A new injectable hydrogel capable of repairing heart tissue after a heart attack has been deemed safe by bioengineers at the University of California, San Diego (UCSD) and is ready for clinical testing in humans this year, according to a recent study published in Science Translational Medicine.

In the United States, an estimated 785,000 heart attacks occur each year, according to a UCSD press release. While a growing number of people survive heart attacks, many patients later develop heart failure due to cardiac tissue damage, “for which the five-year survival rate is only 50 percent,” researchers wrote.

"Our data show that this hydrogel can increase cardiac muscle and reduce scar tissue in the region damaged by the heart attack, which prevents heart failure,” said lead researcher Karen Christman, a UCSD professor in the Department of Bioengineering. “These results suggest this may be a novel minimally invasive therapy to prevent heart failure after a heart attack.”

How the Gel Works

According to researchers, once injected, the hydrogel forms a scaffold, or temporary platform, on which stem cells and new blood vessels can gather and mature. The new cells and vessels eventually replace the scar tissue left behind by the heart attack. Because the gel is made from heart tissue taken from pigs, the damaged heart responds positively, creating an environment in which the heart is able to naturally rebuild itself, Christman said in a press release.

Christman and her colleagues established the safety of the gel in large and small animal studies. According to researchers, animals treated with the hydrogel did not suffer any negative side-effects, such as inflammation, lesions, or an irregular heartbeat during safety experiments conducted as part of the study. The gel also had no effect on blood’s ability to clot when researchers tested it on human blood samples.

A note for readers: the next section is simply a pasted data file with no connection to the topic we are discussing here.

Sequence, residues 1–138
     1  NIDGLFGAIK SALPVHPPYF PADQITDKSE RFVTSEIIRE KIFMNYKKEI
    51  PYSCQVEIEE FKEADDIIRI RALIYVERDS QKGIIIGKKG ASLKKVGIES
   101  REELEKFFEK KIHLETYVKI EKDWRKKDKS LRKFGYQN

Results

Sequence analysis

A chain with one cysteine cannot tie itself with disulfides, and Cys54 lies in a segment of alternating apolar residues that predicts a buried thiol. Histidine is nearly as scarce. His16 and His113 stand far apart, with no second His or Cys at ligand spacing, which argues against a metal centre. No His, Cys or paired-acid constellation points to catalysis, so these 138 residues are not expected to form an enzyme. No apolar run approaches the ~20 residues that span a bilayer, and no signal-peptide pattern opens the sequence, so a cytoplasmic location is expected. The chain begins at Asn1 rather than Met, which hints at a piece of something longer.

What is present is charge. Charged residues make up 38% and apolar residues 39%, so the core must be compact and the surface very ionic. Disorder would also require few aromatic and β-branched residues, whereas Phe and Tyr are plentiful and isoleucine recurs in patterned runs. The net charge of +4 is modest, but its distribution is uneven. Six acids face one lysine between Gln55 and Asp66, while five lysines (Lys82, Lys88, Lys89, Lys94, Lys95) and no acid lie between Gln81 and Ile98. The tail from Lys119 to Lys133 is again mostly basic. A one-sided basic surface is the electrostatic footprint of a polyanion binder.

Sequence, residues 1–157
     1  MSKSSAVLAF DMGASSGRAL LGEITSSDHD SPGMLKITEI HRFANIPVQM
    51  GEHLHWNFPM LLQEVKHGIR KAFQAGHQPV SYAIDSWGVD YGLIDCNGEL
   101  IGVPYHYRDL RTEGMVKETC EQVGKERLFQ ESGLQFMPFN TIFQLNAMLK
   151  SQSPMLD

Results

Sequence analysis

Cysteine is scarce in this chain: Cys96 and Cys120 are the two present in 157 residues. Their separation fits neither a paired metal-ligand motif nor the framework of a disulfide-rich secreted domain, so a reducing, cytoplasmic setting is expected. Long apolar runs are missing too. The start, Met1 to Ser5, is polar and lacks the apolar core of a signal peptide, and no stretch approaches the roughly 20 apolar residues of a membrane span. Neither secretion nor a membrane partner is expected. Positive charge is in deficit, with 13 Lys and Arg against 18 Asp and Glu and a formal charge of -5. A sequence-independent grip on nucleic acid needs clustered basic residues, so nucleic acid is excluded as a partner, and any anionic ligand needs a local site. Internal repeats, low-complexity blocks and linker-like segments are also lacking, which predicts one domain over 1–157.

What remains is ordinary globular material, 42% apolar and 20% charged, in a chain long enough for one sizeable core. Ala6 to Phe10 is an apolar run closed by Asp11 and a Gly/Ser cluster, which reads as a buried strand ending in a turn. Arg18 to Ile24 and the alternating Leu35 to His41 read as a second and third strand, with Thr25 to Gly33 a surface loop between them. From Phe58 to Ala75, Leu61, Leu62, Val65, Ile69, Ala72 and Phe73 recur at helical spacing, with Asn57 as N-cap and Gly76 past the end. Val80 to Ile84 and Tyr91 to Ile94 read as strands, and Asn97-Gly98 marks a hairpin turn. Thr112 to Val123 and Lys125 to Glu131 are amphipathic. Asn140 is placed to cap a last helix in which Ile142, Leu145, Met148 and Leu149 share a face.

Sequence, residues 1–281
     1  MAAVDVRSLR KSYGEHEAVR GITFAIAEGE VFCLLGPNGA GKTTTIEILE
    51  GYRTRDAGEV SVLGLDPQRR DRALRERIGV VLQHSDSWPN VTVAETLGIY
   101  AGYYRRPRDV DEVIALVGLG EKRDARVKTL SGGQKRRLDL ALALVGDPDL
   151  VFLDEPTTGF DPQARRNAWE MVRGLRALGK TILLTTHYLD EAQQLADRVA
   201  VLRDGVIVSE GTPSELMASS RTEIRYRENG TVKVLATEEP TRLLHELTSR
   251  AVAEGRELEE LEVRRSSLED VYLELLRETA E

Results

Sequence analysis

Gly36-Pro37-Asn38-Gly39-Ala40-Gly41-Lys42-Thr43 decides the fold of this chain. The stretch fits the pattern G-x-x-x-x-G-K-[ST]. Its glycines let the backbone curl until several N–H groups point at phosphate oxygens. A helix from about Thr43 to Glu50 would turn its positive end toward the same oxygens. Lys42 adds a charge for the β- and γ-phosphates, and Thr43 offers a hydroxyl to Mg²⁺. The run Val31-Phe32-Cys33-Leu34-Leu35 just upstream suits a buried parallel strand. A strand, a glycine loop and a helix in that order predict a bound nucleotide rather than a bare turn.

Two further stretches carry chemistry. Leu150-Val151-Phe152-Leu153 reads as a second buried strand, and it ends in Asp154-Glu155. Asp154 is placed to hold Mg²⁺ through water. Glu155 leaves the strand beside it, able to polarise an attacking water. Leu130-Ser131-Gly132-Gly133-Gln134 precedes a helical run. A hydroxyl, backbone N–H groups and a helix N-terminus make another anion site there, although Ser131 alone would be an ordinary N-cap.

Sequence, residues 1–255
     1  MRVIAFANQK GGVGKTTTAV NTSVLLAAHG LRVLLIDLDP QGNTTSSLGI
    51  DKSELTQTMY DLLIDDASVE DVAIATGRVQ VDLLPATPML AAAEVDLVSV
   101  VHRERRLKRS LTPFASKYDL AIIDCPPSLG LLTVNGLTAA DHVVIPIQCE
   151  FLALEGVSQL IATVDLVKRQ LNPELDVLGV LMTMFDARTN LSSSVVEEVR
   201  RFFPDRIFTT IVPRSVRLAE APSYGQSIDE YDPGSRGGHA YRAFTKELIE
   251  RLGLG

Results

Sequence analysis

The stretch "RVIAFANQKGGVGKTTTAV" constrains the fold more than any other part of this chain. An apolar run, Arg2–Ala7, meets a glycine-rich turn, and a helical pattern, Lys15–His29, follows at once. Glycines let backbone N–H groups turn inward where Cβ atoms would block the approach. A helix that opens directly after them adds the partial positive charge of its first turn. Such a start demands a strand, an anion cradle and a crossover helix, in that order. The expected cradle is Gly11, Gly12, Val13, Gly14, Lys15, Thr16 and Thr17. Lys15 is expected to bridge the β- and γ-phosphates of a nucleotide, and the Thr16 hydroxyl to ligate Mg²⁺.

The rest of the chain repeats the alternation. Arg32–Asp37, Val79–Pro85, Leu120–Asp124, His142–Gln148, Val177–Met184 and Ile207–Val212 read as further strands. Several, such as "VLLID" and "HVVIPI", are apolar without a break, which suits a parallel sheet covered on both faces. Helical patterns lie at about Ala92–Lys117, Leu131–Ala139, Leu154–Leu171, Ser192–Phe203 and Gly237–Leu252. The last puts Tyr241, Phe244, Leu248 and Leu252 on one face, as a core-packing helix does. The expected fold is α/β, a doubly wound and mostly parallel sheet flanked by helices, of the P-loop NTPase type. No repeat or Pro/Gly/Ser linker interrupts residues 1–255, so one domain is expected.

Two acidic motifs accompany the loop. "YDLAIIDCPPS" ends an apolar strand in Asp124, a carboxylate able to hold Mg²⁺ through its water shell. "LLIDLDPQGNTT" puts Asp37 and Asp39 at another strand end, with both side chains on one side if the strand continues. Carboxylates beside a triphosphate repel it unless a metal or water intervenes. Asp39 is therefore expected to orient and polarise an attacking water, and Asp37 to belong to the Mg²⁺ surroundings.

According to UCSD scientists, doctors can inject the gel while patients are under sedation, without the need for general anesthesia. After the damaged tissue is repaired, the hydrogel is degraded by the body.

The Future of Heart Repair

Currently, there are no approved therapies capable of repairing heart muscle after a heart attack.

“Cell transplantation has been examined in clinical trials, but has had limited improvements to date,” Christman said in an interview with Healthline.

Researchers began their work on the injectable hydrogel matrix in 2008, and with the first clinical trial in heart attack patients beginning this year, Christman and her team will finally get to see the results of their careful study. Ventrix Inc., a company founded by Christman, is already working to turn the hydrogel into a clinical-grade product.

“If successful in clinical trials, it could significantly improve the quality of life for heart attack patients and prevent them from going into heart failure,” Christman said, “The product could be available as early as 2016 in Europe and 2018-19 in the U.S.”

How to Recognize a Heart Attack

According to the National Heart, Lung and Blood Institute, not only could acting fast save your life, but the sooner you get treated for a heart attack, the less damage there will be to your heart muscle.

The institute provides the following list of heart attack warning signs:

  • Chest pain or discomfort, such as uncomfortable pressure, squeezing, fullness, or pain in the center or left side of the chest that can be mild or strong. This discomfort or pain often lasts for more than a few minutes or goes away and comes back.
  • Upper body discomfort in one or both arms, the back, neck, jaw, or upper part of the stomach.
  • Shortness of breath, which may occur with or before chest pain.
  • Nausea, vomiting, light-headedness or sudden dizziness, or breaking out in a cold sweat.

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